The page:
(First airdate: June 4, 2019) Our Town Host Maryanne McNellis interviews Rae Kala Stier, who’s now an Occupational Therapist for Jefferson Healthcare. Her passion for dance once led her to West Africa. She incorporated some of those African movements into an innovative hospital program called “Dance With Parkinsons.” It’s a rare exercise therapy session accompanied by live music. Rae’s story includes years of living in Baja, Mexico on a school bus or sailboat with husband and two small children. But, interestingly, as the kids got bigger the boat got smaller. The kids began to crave a “regular” life with things like school and soccer practice. That’s when the small “hippie tribe” moved to Port Townsend.
(Reprise airdate: May 7, 2019) DANIEL EVANS: RACE BOSS OF R2AK. Our Town Host Maryanne McNellis interviews Daniel Evans, Race Boss for the upcoming R2AK (Race to Alaska). This eclectic event is now in its 5th year. It has expanded and evolved. Now there’s a race from Tacoma to Port Townsend called the 70/48 – that’s 70 miles in 48 hours. Not all that difficult? Well, the boats must be people powered – no motors, no sails – just muscles and grit. The main event is the 750-mile R2AK. Sails are allowed, but there are no motors of any sort. And don’t get eaten by a bear (that’s on Daniel’s business card too!). There are amazing feats of guts and glory. One guy made it all the way to Alaska on a standup paddleboard.
(First airdate: April 23, 2019) PETE SEXTON: PEDAL POWER FOR PORT TOWNSEND. Our Town Host Maryanne McNellis interviews Pete Sexton, the owner of bike shop The Broken Spoke. Pete says Port Townsend is an ideal biking town – it’s small, compact and has many hills. Even the aging demographic works for a bike shop – the popularity of “e-bikes” (electric bikes) is soaring. Today’s e-bikes are half the weight of their predecessors and the battery lasts significantly longer. The Water Street shop sells, rents and even repairs bikes. And, by the way, the mechanics there can also repair walkers, wheelchairs and even golf carts. Pete notes that the shop definitely caters to the youth market. It sells Trek bikes – aerodynamic road bikes, from carbon race machines to refined aluminum models. You’ll see them flying like the wind around Jefferson County.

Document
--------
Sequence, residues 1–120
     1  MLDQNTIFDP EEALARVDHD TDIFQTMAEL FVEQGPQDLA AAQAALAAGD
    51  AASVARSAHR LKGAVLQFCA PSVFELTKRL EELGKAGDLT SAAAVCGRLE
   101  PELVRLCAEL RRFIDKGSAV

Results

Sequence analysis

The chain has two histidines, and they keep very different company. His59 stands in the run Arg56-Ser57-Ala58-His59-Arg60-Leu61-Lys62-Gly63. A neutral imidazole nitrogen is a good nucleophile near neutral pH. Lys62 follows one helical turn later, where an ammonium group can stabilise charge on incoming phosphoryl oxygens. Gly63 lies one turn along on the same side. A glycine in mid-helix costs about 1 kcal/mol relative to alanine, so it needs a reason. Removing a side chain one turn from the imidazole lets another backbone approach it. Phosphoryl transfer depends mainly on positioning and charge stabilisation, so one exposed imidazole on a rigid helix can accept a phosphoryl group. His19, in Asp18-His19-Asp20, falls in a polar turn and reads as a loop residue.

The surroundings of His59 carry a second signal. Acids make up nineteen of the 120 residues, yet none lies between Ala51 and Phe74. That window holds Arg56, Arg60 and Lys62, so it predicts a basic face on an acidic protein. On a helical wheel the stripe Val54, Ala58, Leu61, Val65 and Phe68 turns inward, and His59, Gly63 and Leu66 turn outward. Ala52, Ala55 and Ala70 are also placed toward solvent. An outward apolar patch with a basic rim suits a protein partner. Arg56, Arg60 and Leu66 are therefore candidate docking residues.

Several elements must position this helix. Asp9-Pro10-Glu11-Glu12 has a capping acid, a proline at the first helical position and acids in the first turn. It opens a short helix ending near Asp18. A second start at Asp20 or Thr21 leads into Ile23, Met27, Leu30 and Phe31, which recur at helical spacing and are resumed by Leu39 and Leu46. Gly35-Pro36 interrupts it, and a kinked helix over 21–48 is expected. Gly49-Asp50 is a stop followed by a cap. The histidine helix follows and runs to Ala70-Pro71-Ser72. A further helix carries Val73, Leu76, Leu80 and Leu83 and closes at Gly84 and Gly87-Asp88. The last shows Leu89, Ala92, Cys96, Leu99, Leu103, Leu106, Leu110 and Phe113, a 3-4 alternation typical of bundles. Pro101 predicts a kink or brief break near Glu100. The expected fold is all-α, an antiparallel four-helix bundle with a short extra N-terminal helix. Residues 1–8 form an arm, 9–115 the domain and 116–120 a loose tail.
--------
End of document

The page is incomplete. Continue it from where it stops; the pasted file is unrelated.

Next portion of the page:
(First airdate: March 26, 2019) LANCE BAILEY: BUILDING A BIGGER & BETTER PORT TOWNSEND.Our Town host Maryanne McNellis interviews Lance Bailey, Port Townsend’s Development Services Director. Whether you want to build a new apartment complex or remodel your home, all permits and approvals run through Lance and his team. Construction is at a historic high with over 900 permits issued in both 2017 and 2018. This year is on track to be even even higher. Growth or no growth? It’s a touchy issue. Lance is under a lot of pressure as demand grows for big subdivisions, apartments, affordable housing, tiny homes, ADUs and even single-family homes on in-fill lots.
(First airdate: March 12, 2019) CAROLINE CULBERTSON: A LIFE ON STAGE AND OFF. Our Town Host Maryanne McNellis, interviews Caroline Culbertson, who is now known for her wildlife art. But for much of her career, Caroline was an actress. She traveled around the country, appearing in stage productions both large and small. She has fond recollections of days performing in the Catskills in New York State (affectionately called the ‘Borscht Belt’) and not-so-fond memories of being mugged at knife point in New York City. She now makes her home on the Olympic Peninsula where nature’s beauty turned her artistic nature to painting.
(First airdate: February 26, 2019) GARY LANE: READY TO HELP VETS IN NEED. Our Town Host Maryanne McNellis interviews Gary Lane, the Service Officer for American Legion Post #26. Vietnam vet Gary was exposed to Agent Orange during the war. It took him quite a while to realize and accept the fact that he needed help getting the benefits due to him. He ultimately decided to put his expertise to good use. As Service Officer he has helped hundreds of veterans from all branches and all wars get the benefits and pensions due to them. Over the past seven years he’s learned how to maneuver through the endless paperwork and bureaucratic red tape. If you have a friend or family member that’s a vet, this show should give you some valuable insight into how to help your vet.
(First airdate: February 12, 2019) Our Town Host Maryanne McNellis, interviews James Kennedy, Jefferson County’s new Prosecuting Attorney. He’s a decorated military veteran and a father of three. He brings to the office boundless enthusiasm and a determination to get the job done. Kennedy wants to revitalize the prosecutor’s office. He has openly questioned the turnover in the office under previous leadership.